Tuesday, December 28, 2010


Sixty five years of growing up. Sixty five years of love, darkness, loss , hope and enduring the pain of learning how to play guitar—inch by inch, yard by yard. In some ways Clapton reminds me of a farmer with a small land of his own and two bare, untiring hands to sow different crops. Again and again. Sometimes reaping gold, sometimes pure shit, but not ever questioning the smell of mud, the unexpected weeds, the graying hay pile, “Should I stop now?”

And after five decades of walking on a life full of some music which posterity sometimes compare with the creation of the Man above, the peasant who suddenly enters my post-Christmas ‘on-the-go’ playlist with a self-titled new album, is not the ‘God’ from Great Britain but a perceptive student walking through the hazy corridors of memory-- picking, assimilating tunes from his innocent times. And indeed it is only those who can cling to that warm sheet of memory in another cold night of reality, can cut an album like that. An album like ‘Clapton’: Not produced, not conceived, just made from the teardrops of an old man looking vacantly at the westbound sun, at the darkening horizon.
This learning of death knocks on many a tune here and makes me feel that ‘learning’ is the keyword in Eric’s career. And it’s not learning the music—although that famous remarks by B.B. King of wondering whether this pinkish Brit was actually born down Mississippi or by Brian May about having Clapton’s soul wired to his fingers withstanding—it is learning the life through music instead. It all suddenly starts to make sense about what Eric was doing all these days. I see his life as a student learning new form of music while circumventing British pop-rock, his ‘White Room’ days of psychedelia, his restless lessons of love in “Lylaa”, his tragedy in “My Father’s Eyes” and learning to branch out in unadulterated Blues with one or two occasional ballads for die-hard lovers , such as “Change The World”. And five decades later, I see him learning, with his slow hand and somehow slothy mind,to be joyful and anxious simultaneously of inevitable death. That learning does not come from looking far beyond the horizon with weary eyes. Clapton chooses to take a walk back to his forgotten lanes; chooses to select songs which are there like lullabies, like first sin, like first smell of a woman’s skin. This strategy of welcoming faint footsteps of death with songs which Eric might have heard when he was very young—is very much Clapton, very much wonderful—tonight or the other. So “Rocking Chair” talks of that old man and memories, so does the grieving “River Runs Deep” and then Eric looks at the inevitable mortality eye-to-eye, man-to-man when the mocking boogie starts with “Judgment Day”. With that pulsating “Yes , I’m Coming/Yes, I’m Coming”, Eric shows a good finger at redemption and loss and drags us into some well-covered standards(“When somebody”) or twisted jazz(“My Very Good Friend,The Milkman”).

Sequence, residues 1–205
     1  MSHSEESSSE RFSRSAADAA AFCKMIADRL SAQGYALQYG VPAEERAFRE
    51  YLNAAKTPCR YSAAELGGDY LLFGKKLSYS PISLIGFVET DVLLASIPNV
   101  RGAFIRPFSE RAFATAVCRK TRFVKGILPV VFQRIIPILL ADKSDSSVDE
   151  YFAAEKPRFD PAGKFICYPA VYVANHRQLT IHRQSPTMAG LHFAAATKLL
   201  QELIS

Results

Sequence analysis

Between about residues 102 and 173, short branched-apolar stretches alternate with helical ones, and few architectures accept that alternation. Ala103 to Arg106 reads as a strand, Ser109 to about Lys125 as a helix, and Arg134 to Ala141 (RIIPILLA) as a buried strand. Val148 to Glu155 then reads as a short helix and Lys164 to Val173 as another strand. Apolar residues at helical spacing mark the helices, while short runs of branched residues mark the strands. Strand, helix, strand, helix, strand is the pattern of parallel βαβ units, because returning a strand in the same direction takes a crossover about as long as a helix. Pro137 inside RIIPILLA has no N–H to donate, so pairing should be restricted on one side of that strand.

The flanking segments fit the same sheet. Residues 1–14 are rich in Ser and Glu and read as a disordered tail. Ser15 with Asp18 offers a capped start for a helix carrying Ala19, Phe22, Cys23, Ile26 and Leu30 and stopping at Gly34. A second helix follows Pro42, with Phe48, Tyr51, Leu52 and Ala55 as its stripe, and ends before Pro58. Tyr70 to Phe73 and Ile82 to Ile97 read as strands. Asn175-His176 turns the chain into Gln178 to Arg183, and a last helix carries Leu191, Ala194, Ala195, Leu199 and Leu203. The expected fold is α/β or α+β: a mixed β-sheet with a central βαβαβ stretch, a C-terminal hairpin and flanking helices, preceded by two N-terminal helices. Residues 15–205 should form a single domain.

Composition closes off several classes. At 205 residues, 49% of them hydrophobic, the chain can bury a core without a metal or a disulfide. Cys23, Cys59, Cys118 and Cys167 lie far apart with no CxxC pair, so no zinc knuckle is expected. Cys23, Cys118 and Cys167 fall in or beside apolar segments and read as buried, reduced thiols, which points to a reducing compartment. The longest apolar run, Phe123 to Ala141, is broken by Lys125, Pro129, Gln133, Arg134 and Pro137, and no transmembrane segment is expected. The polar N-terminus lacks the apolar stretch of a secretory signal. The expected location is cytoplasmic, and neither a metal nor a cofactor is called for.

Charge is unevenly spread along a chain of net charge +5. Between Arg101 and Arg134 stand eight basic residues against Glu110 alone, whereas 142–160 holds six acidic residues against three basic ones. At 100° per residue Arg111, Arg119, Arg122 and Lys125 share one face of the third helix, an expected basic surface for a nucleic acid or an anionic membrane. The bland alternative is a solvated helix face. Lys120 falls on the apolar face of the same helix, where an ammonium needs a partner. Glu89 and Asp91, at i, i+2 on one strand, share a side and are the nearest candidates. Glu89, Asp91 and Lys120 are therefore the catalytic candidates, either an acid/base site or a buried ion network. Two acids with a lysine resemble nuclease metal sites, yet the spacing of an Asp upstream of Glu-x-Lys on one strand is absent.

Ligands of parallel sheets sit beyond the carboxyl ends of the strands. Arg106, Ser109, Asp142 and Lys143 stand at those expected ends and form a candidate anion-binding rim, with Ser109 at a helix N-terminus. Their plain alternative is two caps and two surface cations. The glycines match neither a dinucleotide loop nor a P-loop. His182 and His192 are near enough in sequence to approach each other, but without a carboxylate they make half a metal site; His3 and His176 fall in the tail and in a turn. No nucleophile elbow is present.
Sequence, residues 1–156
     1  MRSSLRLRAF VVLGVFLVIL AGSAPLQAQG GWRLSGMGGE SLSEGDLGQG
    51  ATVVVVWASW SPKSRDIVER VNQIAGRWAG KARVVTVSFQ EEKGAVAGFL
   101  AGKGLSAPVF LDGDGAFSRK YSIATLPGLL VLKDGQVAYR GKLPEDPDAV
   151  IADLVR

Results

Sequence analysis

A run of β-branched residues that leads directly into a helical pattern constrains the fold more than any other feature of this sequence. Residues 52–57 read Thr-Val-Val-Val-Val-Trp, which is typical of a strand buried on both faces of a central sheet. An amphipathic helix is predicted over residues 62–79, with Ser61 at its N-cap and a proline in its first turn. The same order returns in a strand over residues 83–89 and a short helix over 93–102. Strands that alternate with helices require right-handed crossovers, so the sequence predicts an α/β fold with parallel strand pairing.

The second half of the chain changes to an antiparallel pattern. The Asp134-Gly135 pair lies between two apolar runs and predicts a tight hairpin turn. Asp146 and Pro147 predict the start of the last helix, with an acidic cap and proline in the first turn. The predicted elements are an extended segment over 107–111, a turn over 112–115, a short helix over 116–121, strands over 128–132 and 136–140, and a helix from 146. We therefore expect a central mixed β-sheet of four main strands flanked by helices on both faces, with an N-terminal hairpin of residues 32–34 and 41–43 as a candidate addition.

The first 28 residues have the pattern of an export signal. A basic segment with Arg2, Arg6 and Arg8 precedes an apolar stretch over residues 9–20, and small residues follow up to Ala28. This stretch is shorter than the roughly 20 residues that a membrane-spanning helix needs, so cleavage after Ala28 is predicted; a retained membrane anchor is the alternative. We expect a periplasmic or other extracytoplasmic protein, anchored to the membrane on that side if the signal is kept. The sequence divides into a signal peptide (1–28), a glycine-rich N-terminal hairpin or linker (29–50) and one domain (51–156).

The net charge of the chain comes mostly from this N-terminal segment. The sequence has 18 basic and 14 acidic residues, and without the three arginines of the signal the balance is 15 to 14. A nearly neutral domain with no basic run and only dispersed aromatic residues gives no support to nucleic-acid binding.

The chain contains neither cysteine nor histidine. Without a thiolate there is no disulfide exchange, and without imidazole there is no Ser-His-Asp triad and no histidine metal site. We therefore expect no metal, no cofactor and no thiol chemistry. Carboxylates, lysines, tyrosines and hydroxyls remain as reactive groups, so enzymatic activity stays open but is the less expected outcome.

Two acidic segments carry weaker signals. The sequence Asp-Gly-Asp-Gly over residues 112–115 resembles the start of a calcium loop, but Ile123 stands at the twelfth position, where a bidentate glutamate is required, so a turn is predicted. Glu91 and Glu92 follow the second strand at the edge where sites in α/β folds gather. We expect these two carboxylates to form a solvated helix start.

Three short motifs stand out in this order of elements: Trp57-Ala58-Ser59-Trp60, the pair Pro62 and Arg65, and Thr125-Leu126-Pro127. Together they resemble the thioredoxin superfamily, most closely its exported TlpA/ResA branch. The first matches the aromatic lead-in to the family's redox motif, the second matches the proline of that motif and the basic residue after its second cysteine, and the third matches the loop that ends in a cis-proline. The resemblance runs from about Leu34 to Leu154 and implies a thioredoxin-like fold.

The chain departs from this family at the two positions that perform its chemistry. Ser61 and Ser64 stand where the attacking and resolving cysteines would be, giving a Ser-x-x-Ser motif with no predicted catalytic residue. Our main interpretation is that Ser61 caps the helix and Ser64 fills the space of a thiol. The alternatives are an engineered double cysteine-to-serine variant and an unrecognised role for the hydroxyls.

But thoughts of the end-- in choosing a closing song that almost mourns to me “And soon I will hear old winter’s song”—lingers when the album ends and the last 2 minute long solo from “Autumn Leaves” keeps on whispering in my winter night. Keeps on whispering ‘ cause it’s a solo that only a student like Clapton can play. Can play to walk on the bridge between this life and another which is evidently giving him a faint yet gradually certain signal to crossover. We, the bystanders can only hope to keep him looking at the East, to keep him playing of life and love that he might never had but helped millions thru his thousand chords, thru his countless ballads, thru his solos of celebration. After all, what will be left there if ‘God of guitar’ stop his liquid fingers to touch those six immortal strings and to give us another long solo made straight from rain?

Sunday, September 12, 2010

Where have all the Blues gone?

B.B.King was laughing. In my dreams, in my head, in that blues bar called 'Lucille', almost overlooked opposite NYC's Madam Tussauds,in the streets of Chicago--I could hear his laughter--coming out with a smell of old age, coming out with the roaring beat of an perennially lovelorn heart, coming out from a black man's quiet evening,coming out like a child's big, surprised eyes. The big, old man, now living in all those memories of a river, can not play his guitar standing anymore neither can endure a set list comprising more than six or seven tracks. Yet he laughed. The laughter filled a humid, July evening in the Grant park and audience--many of them born at least three decades after Mr. King picked up his first guitar--waited patiently to hear last performance of the day. And then, Mr King started stroking his old, black guitar---churning out those same old songs. Churning out "Sweet Sixteen" or "Thrill is gone" or "Guess Who" for millionth time. Yet the song sounded so fresh, so new, so surprising almost like tears of an officegoing, domisticated middle aged man.